• Sorry to hear it turned out like this but as always you’ve turned this into a great learning experience for us as well as you. It’s excellent that you got some much experience out of the process but still must be gutting to lose something that felt in the bag. I try to remind myself all the time a thing isn’t solid until you’re holding it in your hand but in practice it’s a hard way to live and doesn’t always soften the blow of a loss. Very happy to hear you’re moving forward with poise though.

    Like

    • Thank you for the kind words, Luke. I won’t lie and say my positivity is just about as tumultuous as the stock market. 🙂 Some days are easier than others. You’re absolutely right, though–nothing gold can stay. I think this is why it’s important for authors to be working on multiple projects simultaneously. Patel is absolutely my baby, but it’s not the only book on the block.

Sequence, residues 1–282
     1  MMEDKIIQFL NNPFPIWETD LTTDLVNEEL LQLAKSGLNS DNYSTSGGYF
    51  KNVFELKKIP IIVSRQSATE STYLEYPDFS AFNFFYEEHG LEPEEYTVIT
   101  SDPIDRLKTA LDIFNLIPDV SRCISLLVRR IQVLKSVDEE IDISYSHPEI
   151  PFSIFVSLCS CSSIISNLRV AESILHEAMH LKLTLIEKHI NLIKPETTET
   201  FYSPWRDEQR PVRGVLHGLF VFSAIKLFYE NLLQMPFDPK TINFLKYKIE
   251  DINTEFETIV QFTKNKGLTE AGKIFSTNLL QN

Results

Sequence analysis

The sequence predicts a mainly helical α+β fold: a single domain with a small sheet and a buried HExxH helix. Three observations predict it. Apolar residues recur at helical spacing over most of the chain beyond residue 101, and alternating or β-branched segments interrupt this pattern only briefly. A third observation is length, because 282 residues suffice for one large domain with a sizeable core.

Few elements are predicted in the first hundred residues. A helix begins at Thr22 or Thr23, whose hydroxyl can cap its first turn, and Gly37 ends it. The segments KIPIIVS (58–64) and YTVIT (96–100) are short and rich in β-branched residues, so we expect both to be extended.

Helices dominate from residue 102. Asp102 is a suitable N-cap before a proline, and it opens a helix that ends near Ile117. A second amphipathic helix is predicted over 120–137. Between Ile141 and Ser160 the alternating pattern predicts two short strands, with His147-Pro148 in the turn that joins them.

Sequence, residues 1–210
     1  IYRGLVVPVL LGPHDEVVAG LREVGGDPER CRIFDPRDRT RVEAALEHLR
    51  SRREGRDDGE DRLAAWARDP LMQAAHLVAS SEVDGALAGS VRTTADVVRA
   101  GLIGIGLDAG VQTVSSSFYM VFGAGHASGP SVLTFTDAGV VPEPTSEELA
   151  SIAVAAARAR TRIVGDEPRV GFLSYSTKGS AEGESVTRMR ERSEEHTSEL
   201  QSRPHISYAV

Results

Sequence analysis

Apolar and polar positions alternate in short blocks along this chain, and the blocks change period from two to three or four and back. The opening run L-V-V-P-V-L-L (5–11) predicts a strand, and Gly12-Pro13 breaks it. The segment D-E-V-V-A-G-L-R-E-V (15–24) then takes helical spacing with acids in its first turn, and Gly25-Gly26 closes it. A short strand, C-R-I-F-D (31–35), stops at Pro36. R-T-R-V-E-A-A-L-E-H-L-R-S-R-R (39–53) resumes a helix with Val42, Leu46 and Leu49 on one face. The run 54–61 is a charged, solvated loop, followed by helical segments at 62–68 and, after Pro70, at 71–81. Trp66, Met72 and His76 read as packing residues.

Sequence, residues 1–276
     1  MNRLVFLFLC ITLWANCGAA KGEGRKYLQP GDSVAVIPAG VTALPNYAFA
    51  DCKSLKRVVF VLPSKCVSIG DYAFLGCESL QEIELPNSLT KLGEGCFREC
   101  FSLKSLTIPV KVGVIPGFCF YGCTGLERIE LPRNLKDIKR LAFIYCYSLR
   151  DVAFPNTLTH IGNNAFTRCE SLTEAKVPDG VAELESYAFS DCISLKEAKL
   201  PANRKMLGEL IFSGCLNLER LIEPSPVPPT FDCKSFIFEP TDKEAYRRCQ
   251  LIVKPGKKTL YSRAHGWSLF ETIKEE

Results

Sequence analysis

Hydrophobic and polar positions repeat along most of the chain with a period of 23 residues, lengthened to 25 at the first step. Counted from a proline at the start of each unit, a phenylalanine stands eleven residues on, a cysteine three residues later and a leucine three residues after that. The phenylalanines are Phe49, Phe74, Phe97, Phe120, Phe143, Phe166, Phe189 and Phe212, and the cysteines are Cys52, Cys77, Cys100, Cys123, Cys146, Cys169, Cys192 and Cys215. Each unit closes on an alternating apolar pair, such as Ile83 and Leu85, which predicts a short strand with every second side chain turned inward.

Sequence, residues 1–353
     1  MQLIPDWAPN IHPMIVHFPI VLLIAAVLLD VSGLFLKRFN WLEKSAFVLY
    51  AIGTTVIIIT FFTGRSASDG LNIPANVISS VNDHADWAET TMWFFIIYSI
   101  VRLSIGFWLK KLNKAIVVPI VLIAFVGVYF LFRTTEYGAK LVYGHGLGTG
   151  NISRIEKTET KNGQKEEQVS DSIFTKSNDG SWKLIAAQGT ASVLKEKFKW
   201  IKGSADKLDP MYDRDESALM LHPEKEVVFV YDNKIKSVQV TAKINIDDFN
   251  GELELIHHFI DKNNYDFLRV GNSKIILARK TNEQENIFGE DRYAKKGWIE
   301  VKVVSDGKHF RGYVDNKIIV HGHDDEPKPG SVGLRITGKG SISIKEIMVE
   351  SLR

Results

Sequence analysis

Liked by 1 person

      • I think that’s a good rule in general; working on lots of different things, different ideas, projects, whether multiple pieces of fiction or fiction alongside other creative writing, or something totally different. Besides writing I’m working on music and just starting to look at trying to get into promoting events. One way or another I dont want to rely on too many external sources for success although that’s easier said than done, especially in writing. It’s interesting to me that other arts, to varying degrees, have artists that have shaken up the major power structures; guys like Immortal Technique (rapper) have made money off their own back with their art whilst almost totally cutting out the industry elites. Self-publishing has opened this door for us too, in theory, but in practice it hasn’t worked out that way at all (with maybe a couple of exceptions and those exceptions eventually get publishing house backing). Anyway, this turned into a ramble, but mostly I just wanted to throw positive vibes and solidarity your way and on top of that to express thanks for the work you’re doing here. Really great to read your experiences and very beneficial I’m sure for lots of writers.